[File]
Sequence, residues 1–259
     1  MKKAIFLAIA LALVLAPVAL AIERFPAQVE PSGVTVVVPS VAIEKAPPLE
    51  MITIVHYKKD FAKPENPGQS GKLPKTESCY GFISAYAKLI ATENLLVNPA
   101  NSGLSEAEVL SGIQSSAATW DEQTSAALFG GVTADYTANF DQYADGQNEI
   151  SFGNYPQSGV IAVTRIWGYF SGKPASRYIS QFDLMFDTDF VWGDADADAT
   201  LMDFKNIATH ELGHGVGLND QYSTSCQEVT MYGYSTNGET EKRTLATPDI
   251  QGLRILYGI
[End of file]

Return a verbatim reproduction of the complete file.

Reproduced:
Sequence, residues 1–259
     1  MKKAIFLAIA LALVLAPVAL AIERFPAQVE PSGVTVVVPS VAIEKAPPLE
    51  MITIVHYKKD FAKPENPGQS GKLPKTESCY GFISAYAKLI ATENLLVNPA
   101  NSGLSEAEVL SGIQSSAATW DEQTSAALFG GVTADYTANF DQYADGQNEI
   151  SFGNYPQSGV IAVTRIWGYF SGKPASRYIS QFDLMFDTDF VWGDADADAT
   201  LMDFKNIATH ELGHGVGLND QYSTSCQEVT MYGYSTNGET EKRTLATPDI
   251  QGLRILYGI